Sunday, 30 May 2010

Speaking Gambits

Speaking Gambits

When we have to face an oral exam, there are some tips on speaking you should keep in mind. But apart of these, be yourself and try to talk about something you like and you feel comfortable, this way you'll enjoy the experience!

Saturday, 22 May 2010

International Day for Biodiversity

Biodiversity is our life: 2010 has been declared the International Year of Biodiversity (IYB) by the United Nations.
Biodiversity is the variety of life on Earth. It is essential for sustaining the natural living systems or ecosystems that provide us with food, fuel, health, wealth, and other vital services.
Humans are part of this biodiversity too and have the power to protect or destroy it. Currently, our activities are destroying biodiversity at alarming rates. These losses are irreversible, impoverish us all and damage the life support systems we rely on. But we can prevent them.

Enter the National History Museum for the celebrations,
learn about the endangered species,

And, of course, learn about how to classify animals What makes a mammal a mammal, or a bird a bird? Click on the buttons to learn more!
And if you look for fun play the endangered animals game.

Thursday, 20 May 2010

Identifying Colours

Fran is a new student in our class and he needs to revise some vocabulary. So we are trying some materials about words, numbers, colours....

For example the number circus or the image above showing a game in which you have to drag the letters into the square in the correct order to form colour words.

Have a try and good luck!

Friday, 14 May 2010

I'm Mad as Hell

We find unacceptable that close one billion people are chronically hungry.Through the United Nations, we call upon governments to make the elimination of hunger their top priority until this goal is reached

Put pressure on politicians to end hunger. Sign our petition, and push for action wherever you are.

What is hunger?
Why is there hunger?
Who are the hungry?
What can be done?
Stories about hunger

Friday, 7 May 2010

UK Parliament

Yesterday people in UK had to vote to elect their new government as in all democracies.

But what do you know about the Parliament,
its functions,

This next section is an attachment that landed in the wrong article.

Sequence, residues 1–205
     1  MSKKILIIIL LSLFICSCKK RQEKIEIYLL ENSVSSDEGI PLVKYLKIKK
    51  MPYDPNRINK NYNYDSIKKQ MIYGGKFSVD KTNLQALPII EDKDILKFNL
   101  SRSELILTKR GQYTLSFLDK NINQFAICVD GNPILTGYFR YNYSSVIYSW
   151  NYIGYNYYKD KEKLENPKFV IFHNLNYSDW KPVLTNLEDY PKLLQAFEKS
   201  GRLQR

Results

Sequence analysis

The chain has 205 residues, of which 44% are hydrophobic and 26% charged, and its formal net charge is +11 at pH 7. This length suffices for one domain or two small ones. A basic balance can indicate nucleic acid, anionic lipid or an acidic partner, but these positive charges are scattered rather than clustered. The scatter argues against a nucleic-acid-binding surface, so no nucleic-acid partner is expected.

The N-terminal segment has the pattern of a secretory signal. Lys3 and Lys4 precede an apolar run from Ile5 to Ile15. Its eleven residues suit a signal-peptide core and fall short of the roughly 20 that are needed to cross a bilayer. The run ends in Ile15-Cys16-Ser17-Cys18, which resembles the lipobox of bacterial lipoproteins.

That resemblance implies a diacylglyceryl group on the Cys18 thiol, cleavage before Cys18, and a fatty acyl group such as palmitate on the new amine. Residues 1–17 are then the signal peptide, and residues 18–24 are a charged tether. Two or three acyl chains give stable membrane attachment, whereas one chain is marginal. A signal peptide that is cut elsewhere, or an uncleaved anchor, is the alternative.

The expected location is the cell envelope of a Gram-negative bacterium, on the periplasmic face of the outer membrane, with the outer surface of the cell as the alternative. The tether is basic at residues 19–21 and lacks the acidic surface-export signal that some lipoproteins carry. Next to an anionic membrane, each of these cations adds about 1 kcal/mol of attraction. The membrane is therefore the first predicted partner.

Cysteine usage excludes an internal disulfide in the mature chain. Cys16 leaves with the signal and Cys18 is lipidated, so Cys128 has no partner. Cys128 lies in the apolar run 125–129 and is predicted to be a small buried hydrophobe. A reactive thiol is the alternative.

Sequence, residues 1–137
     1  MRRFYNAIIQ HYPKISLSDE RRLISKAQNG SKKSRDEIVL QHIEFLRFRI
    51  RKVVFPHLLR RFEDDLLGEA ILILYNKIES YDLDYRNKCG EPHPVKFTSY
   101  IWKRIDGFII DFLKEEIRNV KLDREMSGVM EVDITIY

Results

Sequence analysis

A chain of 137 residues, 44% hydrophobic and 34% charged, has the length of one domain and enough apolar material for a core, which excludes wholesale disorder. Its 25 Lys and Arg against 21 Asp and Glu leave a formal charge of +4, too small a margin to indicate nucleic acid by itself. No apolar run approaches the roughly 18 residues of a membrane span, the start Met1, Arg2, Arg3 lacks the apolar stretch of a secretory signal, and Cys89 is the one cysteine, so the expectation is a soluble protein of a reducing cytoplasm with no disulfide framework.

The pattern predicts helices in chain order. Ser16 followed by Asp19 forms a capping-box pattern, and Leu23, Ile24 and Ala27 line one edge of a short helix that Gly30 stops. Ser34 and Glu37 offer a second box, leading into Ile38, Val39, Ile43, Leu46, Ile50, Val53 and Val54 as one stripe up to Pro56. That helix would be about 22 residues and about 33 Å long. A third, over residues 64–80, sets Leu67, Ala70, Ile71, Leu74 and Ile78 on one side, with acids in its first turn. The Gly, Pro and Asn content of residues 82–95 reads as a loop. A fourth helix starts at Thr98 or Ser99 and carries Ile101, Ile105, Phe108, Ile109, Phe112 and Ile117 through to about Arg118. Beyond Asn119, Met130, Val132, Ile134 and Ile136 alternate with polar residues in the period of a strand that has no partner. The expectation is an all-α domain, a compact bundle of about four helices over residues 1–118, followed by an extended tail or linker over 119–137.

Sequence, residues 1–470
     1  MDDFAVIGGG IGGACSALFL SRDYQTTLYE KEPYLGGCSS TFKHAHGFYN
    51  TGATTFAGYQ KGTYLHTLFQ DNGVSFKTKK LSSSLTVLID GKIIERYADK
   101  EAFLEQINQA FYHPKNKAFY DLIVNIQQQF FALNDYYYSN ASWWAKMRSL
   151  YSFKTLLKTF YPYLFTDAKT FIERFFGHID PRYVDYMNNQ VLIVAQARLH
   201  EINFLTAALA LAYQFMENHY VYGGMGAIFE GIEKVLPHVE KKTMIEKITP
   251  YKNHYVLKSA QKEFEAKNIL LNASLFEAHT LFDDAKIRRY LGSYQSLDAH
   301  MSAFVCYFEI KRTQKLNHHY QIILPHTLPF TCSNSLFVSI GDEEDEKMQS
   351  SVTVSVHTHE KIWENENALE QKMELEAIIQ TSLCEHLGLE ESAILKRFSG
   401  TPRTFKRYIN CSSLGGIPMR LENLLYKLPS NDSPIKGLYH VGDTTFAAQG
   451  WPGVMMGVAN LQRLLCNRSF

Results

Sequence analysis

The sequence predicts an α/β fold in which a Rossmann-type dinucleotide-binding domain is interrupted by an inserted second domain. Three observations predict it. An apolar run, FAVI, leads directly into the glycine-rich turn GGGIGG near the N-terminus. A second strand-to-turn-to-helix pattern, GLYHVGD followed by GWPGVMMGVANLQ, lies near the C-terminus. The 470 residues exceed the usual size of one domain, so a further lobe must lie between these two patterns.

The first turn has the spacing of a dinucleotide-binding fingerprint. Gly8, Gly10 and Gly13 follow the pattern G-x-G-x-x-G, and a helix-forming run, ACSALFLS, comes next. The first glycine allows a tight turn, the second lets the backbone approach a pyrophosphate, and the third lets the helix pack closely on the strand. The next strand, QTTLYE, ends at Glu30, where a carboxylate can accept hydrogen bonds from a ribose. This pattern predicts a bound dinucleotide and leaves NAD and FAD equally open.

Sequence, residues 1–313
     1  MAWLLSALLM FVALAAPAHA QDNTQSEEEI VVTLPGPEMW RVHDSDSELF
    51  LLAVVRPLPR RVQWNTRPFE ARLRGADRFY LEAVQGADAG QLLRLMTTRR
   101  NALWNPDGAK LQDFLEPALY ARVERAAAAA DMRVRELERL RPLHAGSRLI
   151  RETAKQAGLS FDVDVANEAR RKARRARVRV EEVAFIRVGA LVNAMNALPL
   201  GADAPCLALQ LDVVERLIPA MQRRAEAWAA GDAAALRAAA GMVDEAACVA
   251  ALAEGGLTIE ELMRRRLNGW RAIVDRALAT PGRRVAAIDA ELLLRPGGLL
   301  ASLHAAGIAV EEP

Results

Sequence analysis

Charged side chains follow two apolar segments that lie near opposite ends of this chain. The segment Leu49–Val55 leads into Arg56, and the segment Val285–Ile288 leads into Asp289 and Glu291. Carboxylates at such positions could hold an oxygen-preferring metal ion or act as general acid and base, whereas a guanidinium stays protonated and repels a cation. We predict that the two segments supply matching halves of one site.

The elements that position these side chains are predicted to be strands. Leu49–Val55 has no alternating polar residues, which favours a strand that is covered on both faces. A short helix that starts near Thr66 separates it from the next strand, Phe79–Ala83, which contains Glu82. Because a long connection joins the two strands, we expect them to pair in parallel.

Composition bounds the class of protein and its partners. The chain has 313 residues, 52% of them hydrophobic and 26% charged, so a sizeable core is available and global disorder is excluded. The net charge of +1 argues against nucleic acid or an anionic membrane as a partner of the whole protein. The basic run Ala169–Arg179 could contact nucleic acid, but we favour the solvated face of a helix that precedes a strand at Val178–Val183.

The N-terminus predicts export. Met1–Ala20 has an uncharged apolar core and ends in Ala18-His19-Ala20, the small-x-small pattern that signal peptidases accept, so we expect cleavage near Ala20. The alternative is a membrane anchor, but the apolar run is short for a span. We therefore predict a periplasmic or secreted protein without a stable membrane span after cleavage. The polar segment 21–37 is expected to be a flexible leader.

its placement and history?

The main work of Parliament is to make laws, debate topical issues and look at how our taxes are spent to help run the country. The issues that are discussed in Parliament affect us all: health, the environment, transport, jobs, schools, crime. For instance, Parliament has recently debated and voted on how long people arrested on suspicion of terrorism can be held without being charged.

The Houses of Parliament, also known as the Palace of Westminster, is in the centre of London. As well as the home of the UK Parliament, it is also a royal palace and former residence of great kings. The Palace comprises many famous sites including the green-coloured House of Commons Chamber and the red-coloured House of Lords Chamber where political decisions are made to this day. It also includes the famous Clock Tower, popularly known as Big Ben.

The English Parliament traces its origins to the Anglo-Saxon Witenagemot. In 1066, William of Normandy brought a feudal system, by which he sought advice of a council of tenants-in-chief and ecclesiastics before making laws. In 1215, the tenants-in-chief secured the Magna Carta from King John, which established that the king may not levy or collect any taxes (except the feudal taxes to which they were hitherto accustomed), save with the consent of his royal council, which slowly developed into a parliament.
In 1265, Simon de Montfort, 6th Earl of Leicester summoned the first elected Parliament. The franchise in parliamentary elections for county constituencies was uniform throughout the country, extending to all those who owned the freehold of land to an annual rent of 40 shillings (Forty-shilling Freeholders).
In the boroughs, the franchise varied across the country; individual boroughs had varying arrangements. This set the scene for the so-called "Model Parliament" of 1295 adopted by Edward I. By the reign of Edward II, Parliament had been separated into two Houses: one including the nobility and higher clergy, the other including the knights and burgesses, and no law could be made, nor any tax levied, without the consent of both Houses as well as of the Sovereign.

More info:

An illustrated Guide,

Whiteboard resources,


Your guide to what happens in Westminster and how it affects YOU


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